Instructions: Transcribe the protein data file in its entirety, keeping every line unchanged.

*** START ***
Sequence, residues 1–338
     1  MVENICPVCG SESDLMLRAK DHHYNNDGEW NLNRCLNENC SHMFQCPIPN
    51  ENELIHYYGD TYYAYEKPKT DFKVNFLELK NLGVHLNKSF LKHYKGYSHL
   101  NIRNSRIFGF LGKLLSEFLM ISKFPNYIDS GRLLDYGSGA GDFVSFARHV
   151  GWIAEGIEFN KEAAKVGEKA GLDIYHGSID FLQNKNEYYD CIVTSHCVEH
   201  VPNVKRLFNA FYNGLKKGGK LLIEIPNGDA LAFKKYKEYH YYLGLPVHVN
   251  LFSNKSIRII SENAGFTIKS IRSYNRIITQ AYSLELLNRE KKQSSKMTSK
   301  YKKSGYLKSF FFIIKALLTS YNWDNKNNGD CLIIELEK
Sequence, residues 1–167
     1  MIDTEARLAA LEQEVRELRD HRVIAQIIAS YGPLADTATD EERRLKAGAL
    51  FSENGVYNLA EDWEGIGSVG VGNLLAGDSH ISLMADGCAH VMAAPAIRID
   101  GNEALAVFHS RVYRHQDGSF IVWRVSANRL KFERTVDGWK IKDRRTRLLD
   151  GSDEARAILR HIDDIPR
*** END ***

Sequence, residues 1–338
     1  MVENICPVCG SESDLMLRAK DHHYNNDGEW NLNRCLNENC SHMFQCPIPN
    51  ENELIHYYGD TYYAYEKPKT DFKVNFLELK NLGVHLNKSF LKHYKGYSHL
   101  NIRNSRIFGF LGKLLSEFLM ISKFPNYIDS GRLLDYGSGA GDFVSFARHV
   151  GWIAEGIEFN KEAAKVGEKA GLDIYHGSID FLQNKNEYYD CIVTSHCVEH
   201  VPNVKRLFNA FYNGLKKGGK LLIEIPNGDA LAFKKYKEYH YYLGLPVHVN
   251  LFSNKSIRII SENAGFTIKS IRSYNRIITQ AYSLELLNRE KKQSSKMTSK
   301  YKKSGYLKSF FFIIKALLTS YNWDNKNNGD CLIIELEK
Sequence, residues 1–167
     1  MIDTEARLAA LEQEVRELRD HRVIAQIIAS YGPLADTATD EERRLKAGAL
    51  FSENGVYNLA EDWEGIGSVG VGNLLAGDSH ISLMADGCAH VMAAPAIRID
   101  GNEALAVFHS RVYRHQDGSF IVWRVSANRL KFERTVDGWK IKDRRTRLLD
   151  GSDEARAILR HIDDIPR